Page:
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Papers of the Week

Papers: 4 May 2019 - 10 May 2019

2019 Sep




Do chronic pain and comorbidities affect brain function in sickle cell patients? A systematic review of neuroimaging and treatment approaches.


da Silva J T, Letzen JE, Haythornthwaite JA, Finan PH, Campbell CM, Seminowicz DA
Pain. 2019 Sep; 160(9):1933-1945.
PMID: 31045749.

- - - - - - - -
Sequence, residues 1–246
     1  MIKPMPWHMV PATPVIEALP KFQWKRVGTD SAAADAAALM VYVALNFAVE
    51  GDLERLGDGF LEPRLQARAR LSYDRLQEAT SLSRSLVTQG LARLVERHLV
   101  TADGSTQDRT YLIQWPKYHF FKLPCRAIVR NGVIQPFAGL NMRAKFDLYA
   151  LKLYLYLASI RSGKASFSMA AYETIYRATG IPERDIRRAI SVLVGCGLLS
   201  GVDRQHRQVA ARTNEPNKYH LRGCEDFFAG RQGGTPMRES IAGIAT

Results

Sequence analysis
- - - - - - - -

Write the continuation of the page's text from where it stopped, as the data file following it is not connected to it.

Sickle cell disease (SCD) is a medical condition in which chronic pain is common and negatively impacts psychosocial function and quality of life. While the brain mechanisms underlying chronic pain are well studied in other painful conditions, the brain mechanisms underlying chronic pain and the associated psychosocial comorbidities are not well established in SCD. A growing literature demonstrates the effect of treatment of chronic pain, including pharmacological and nonpharmacological treatments, on brain function. The present systematic review aimed to: 1. determine the effects of chronic pain and psychosocial comorbidities on brain function of SCD patients; 2. summarize pharmacological and nonpharmacological approaches to treat these symptoms; and 3. identify areas for further investigation of potential beneficial effects of treatments on brain function. Titles were screened using predefined criteria, including SCD, and abstracts and full texts were reviewed by 2 independent reviewers. A total of 1,167 SCD articles were identified and 86 full articles were included covering 3 sections: chronic pain (4 studies), psychosocial comorbidities (11 studies), and pharmacological and nonpharmacological treatments (71 studies). Neuroimaging evidence demonstrates aberrant neural processing related to chronic pain and psychosocial comorbidities in SCD beyond ischemic stroke and cerebral hemorrhage. Although neuroimaging studies show an important role for psychological factors, pain management is nearly exclusively based on opioids. Behavior therapy appears useful to improve psychological symptoms as well as chronic pain and quality of life. Further investigation is required with larger cohorts, matched-controls, and examination of treatment-related neural mechanisms.